The basic premise or formula is to recognize that when your skills + traits + behaviors are placed in the right environment the outcome will give you a greater chance of success and happiness in your work.
Within 24 hours of your phone or in-person interview plan to send a follow up note to everyone who you interviewed with and the person who arranged for the meetings.
It is important to take this opportunity:
· To send your appreciation for the time they took from their day to meet you
· Mention anything that may have come to mind since the interview
· Correct anything that may not have been as clear as you wanted
· Remind them that you are a well-qualified candidate
· You are enthusiastic to have this job
At MJG we really like a handwritten note. It shows a level of professionalism and personality that cannot come across as strongly in an email. But it is perfectly acceptable to send the individual emails to each person. In either case proofread twice. A misspelling, poor punctuation and poor grammar will be noticed. We suggest the subject line in an email be your name, the interview date and job title. If you are following up on an existing email chain, then use this subject in the opening lines to help refresh their memory. Do not expect them to answer, that is a bonus but not mandatory. They may be interviewing others before they answer you. Try to be patient, and we understand this is quite difficult when you really want the job but try.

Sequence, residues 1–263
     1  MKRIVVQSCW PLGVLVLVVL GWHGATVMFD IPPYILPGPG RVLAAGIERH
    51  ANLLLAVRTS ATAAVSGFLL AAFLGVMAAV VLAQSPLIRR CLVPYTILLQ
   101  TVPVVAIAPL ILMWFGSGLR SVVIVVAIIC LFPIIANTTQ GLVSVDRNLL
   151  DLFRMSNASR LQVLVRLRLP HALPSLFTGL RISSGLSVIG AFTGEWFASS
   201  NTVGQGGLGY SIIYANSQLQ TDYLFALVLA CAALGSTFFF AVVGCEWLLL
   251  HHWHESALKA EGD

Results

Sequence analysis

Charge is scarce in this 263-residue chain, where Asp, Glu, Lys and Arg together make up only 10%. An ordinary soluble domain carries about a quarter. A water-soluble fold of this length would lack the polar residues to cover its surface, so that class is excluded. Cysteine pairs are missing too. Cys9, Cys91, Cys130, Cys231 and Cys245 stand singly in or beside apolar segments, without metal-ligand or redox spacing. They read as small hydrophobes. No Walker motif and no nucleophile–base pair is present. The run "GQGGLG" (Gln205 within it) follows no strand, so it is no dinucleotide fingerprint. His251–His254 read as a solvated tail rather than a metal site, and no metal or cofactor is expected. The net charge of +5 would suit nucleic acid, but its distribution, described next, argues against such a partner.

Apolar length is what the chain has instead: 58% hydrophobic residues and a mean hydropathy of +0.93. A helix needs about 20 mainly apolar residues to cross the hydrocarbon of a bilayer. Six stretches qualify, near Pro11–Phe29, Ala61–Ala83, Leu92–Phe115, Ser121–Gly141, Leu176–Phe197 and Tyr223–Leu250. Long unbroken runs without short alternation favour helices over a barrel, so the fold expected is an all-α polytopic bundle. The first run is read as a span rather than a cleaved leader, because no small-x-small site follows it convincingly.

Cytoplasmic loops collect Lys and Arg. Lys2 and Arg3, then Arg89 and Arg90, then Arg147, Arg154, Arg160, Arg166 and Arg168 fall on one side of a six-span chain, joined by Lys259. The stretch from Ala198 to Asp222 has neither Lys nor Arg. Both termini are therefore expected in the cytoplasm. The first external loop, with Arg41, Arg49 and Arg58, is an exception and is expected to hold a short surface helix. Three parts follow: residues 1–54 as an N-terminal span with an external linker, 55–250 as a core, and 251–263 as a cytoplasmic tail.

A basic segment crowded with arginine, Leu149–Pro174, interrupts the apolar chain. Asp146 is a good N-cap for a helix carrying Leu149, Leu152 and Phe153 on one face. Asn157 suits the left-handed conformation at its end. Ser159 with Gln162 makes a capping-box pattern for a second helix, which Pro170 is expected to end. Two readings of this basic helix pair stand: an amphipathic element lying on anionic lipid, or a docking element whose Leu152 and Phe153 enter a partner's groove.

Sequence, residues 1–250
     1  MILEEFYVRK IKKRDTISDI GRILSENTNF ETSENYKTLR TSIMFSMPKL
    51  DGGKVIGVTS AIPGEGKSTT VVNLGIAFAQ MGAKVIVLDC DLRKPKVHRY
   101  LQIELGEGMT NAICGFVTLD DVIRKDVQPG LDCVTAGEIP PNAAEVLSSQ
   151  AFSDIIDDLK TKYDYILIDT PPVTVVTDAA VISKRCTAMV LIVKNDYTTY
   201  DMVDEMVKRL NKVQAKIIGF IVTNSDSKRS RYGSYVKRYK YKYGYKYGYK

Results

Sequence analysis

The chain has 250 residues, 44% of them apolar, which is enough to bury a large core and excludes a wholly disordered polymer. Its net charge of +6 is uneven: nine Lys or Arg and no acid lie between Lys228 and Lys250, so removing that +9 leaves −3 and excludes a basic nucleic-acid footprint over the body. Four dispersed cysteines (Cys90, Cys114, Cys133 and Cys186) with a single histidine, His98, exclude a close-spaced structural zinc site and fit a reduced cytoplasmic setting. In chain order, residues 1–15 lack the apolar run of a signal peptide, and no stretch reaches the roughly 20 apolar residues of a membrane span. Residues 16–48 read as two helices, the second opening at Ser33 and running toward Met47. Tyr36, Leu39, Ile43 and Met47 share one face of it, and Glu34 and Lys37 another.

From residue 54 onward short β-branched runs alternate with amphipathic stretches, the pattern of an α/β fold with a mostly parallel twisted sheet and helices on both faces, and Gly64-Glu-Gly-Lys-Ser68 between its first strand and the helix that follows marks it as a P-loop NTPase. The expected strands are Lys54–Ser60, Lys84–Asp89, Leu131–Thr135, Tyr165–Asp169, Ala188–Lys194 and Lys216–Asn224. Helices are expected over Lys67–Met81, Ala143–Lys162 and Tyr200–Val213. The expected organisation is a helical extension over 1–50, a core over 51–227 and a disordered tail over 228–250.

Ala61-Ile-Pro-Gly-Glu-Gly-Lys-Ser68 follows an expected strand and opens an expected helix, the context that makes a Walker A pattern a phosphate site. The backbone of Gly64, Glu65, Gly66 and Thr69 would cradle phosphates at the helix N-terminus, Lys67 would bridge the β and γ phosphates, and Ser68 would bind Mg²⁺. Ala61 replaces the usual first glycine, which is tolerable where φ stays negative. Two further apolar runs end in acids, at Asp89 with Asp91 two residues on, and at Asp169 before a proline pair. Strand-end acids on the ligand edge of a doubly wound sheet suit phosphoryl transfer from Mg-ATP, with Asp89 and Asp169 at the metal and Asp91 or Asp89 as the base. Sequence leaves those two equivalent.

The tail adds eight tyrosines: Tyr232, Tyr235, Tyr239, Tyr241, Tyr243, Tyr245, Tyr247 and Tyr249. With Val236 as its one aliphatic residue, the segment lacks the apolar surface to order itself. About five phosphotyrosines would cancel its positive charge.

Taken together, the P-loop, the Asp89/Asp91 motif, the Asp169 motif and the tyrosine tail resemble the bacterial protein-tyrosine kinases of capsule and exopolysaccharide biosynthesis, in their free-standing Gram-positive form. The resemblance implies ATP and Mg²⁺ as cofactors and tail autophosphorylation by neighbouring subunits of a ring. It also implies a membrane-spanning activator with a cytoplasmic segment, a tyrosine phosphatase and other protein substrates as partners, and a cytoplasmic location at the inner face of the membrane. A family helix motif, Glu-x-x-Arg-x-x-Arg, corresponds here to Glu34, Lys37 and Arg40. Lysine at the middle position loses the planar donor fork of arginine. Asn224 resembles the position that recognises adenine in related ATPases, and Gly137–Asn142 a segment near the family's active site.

What if you don’t hear back in one business week. Using the same email conversation, you may send a follow up email to the hiring manager. Reaffirm that you are still very interested and very excited for the opportunity to work with them. Ask for an update on the position being filled. Keep this short and sign off with a ‘thank you’ and your name. Proofread twice. Make sure it doesn’t sound pushy, anxious, desperate and NEVER mention that you are trying to decide between them and a different company as if to hurry their decision. That’s a sure turn-off.
If a month goes by then a touch base email to the HR contact could be in order.
For a deeper dive on this topic check out: https://www.forbes.com/sites/dailymuse/2012/05/30/4-non-annoying-ways-to-follow-up-after-an-interview/#62f3a0187097
While a thank you note will not guarantee you a job offer, reports state that 91% of all interviewers liked getting a follow-up and yet only 43% of all candidates send them. Good manners will stand out and get you ahead of the competition.
For your homework, buy your thank you notes and have the stamps ready to go and place a marble in your jar!